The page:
WIMP, WARRIOR OR BROKEN TOYS
WIMP, WARRIOR OR BROKEN TOYS?
When I started my journey of recovery I soon realized I was in a battle. A battle for my life as a matter of fact. It is hard to not see when ones ass is getting handed to them over and over. Many years I lay on the matt being stomped and beaten by addictions. This is because I thought I was “The Star”. I didn’t need a partner, team or anyone. Or so I thought. I didn’t realize this was actually a tag team event and God was the star, not me. I started realizing that God was the skilled warrior. He didn’t need to tag me. God already had the fight sewed up. He generously gave me time in the ring to give me experience in defending myself and teaching me so I could grow in my survival skills, “Spiritual Survival Skills”. I struggled for many years. Beaten time after time. Day after day. On deaths door I eventually started tagging-out or passed it to God. I would gaze through the tears and blood as He Masterfully and quite easily won. Yes, this is figuratively speaking! I am not delusional, I promise.
The point is that eventually I needed to except that these were never meant to really be my battles to win. God would do the winning. I just got to improve my sobriety swordsmanship. My life started changing when I came to the realization that I needed to turn these battles of life over to God. In fact, I struggled for the first ten years of my journey because I would still occasionally try to be the star again and my pride would defeat me. 30 days, 90days, 1 year a couple of times and I actually made it 3 ½ years once. At the 3 ½ year mark I was in ministry and the Associate Pastor of a church. My pride grew and I would find myself behind bars after one friendly drink with a perspective client for my business. I was a Bi-vocational minister you see. This means I had to work and earn income to support my ministry habit. This trend would continue until I became homeless and suicidal. One drink eventually would lead to another and another and then drugs and I would transform in to Super Drunk. Able to ruin my life almost instantly. Thank God for being merciful and loving me and seeing far beyond my illness and struggles. God doesn’t focus on our mistakes He focuses on what we can become through Christ. He loves us.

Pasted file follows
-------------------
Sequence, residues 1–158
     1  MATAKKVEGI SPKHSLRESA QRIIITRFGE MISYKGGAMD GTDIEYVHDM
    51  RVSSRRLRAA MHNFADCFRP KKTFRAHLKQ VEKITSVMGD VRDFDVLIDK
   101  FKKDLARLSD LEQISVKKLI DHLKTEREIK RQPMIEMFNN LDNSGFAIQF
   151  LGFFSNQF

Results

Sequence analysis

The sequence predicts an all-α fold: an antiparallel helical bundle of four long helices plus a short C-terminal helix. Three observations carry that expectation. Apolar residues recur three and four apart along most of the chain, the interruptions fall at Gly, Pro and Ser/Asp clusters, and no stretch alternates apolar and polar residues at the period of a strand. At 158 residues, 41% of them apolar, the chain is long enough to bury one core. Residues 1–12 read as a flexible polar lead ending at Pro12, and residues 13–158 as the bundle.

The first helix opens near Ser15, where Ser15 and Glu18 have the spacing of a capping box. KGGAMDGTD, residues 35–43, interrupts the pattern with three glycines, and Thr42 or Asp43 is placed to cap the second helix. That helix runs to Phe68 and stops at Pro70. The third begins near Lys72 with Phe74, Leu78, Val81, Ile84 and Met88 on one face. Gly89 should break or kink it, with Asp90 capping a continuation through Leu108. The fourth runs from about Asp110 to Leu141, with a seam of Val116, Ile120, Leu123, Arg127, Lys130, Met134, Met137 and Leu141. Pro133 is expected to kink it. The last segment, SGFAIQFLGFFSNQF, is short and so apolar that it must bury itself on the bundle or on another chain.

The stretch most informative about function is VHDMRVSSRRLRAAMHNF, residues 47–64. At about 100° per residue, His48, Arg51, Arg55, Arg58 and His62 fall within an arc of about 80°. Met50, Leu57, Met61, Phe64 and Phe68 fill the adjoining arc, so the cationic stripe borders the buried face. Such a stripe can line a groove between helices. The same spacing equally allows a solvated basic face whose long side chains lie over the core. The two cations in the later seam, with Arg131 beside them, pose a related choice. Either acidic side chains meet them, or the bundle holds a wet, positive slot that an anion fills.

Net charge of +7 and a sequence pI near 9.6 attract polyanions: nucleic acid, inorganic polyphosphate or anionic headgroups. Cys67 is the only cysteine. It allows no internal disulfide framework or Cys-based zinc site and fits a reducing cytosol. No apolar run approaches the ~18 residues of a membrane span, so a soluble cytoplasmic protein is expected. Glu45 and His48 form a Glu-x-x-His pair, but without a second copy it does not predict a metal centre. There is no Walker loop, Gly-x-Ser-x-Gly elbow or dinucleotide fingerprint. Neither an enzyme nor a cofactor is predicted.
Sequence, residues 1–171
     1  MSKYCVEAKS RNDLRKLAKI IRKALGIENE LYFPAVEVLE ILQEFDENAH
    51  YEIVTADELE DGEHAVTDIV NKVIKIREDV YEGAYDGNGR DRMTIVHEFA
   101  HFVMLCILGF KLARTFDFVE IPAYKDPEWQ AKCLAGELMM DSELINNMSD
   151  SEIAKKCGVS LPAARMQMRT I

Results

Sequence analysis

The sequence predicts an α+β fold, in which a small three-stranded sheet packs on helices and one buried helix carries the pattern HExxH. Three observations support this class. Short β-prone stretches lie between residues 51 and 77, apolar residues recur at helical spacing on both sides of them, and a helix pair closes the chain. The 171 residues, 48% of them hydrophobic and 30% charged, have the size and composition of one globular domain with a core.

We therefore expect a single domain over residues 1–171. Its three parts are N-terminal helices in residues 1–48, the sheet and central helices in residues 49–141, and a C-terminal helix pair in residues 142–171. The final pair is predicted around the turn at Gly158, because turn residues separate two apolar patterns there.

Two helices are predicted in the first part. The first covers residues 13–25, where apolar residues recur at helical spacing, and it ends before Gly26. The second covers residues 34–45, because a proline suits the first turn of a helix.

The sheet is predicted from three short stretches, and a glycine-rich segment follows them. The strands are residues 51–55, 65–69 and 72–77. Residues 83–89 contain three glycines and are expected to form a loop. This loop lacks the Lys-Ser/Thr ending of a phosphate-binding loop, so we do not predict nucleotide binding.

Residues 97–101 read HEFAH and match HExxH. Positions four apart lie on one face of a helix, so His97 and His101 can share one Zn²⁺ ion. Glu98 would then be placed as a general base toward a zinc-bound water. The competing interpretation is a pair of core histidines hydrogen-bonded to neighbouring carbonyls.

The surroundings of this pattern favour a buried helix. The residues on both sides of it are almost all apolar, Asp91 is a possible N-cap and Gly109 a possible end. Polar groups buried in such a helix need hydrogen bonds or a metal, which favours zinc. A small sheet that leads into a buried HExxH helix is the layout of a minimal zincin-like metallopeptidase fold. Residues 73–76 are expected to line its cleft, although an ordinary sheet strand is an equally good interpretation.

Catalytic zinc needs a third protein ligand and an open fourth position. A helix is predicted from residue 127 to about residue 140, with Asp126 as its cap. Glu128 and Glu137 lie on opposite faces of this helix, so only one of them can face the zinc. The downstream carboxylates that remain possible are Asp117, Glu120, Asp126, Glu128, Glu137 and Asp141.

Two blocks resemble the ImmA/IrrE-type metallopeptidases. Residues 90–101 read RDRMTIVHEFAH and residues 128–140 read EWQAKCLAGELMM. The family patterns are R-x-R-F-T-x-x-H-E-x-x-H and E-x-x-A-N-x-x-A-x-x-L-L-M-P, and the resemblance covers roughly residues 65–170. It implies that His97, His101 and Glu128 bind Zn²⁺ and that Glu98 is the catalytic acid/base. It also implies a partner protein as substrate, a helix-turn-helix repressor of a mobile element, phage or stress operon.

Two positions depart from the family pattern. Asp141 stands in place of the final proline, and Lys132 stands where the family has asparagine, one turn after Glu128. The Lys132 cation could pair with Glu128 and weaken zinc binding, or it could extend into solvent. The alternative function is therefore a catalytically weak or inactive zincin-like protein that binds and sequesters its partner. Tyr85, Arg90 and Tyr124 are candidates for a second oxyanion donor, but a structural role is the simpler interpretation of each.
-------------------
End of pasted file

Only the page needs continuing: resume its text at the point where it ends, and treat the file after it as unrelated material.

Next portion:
Listen up! If we look at the ordinary church of today, it’s like and Onion. Many layers. At the initial glance we determine its worth buying. As we begin to process it to cook with we know we need something more satisfying than the unprocessed onion. As we peal we find some bitterness that is unpalatable to us. If we compare the church to that outer Layer we think, “Damn, these people are as screwed up as I am”. Don’t they realize I’m sensitive? We may tear up at times because they do not handle us with the respect we feel royalty is deserving of. Should we toss the onion all together? We could realize that if we work past the tears and the bitter experience, short-lived unpleasantness we start to get to something that will make the perfect dish we prayed for. We whittle away cutting out what we can’t use and only use that part that makes life wonderful and sustaining. The yummy part. We grow and find nourishment. Maybe we could except that not all onions are perfect. After all, we are not perfect either for that matter. Right? Do we not have our own bitterness, ego and personality defects? It is worth noting that some of the saltiest of people I have encountered at church later showed me incredible love when least expected. Don’t stop eating because it’s not the best tasting meal every time. Even the most unpalatable food may contain some of the best nourishment. Sometimes we take the fast food approach to life and settle for fast and yummy. Fast and yummy is not always very nourishing.